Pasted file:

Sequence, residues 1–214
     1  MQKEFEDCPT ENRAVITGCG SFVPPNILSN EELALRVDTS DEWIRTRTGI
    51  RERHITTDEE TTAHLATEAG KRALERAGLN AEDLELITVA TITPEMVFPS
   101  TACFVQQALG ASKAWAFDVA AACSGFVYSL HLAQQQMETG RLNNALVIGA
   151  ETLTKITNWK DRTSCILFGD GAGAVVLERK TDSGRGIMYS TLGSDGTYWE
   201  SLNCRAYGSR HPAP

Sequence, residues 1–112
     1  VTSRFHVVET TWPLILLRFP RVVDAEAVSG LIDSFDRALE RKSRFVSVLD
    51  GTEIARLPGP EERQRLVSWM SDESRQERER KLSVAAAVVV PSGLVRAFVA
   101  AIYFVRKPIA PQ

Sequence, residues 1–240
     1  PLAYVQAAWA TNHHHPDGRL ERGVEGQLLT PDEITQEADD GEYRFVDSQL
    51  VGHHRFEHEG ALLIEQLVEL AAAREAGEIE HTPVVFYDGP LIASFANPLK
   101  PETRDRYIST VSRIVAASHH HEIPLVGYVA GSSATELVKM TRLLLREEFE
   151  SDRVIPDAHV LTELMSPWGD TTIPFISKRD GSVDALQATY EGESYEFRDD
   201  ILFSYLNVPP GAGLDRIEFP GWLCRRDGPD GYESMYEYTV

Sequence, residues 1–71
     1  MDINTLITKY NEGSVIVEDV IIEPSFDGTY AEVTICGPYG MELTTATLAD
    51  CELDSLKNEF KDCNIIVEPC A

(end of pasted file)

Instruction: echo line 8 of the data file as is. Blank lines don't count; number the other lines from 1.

     1  VTSRFHVVET TWPLILLRFP RVVDAEAVSG LIDSFDRALE RKSRFVSVLD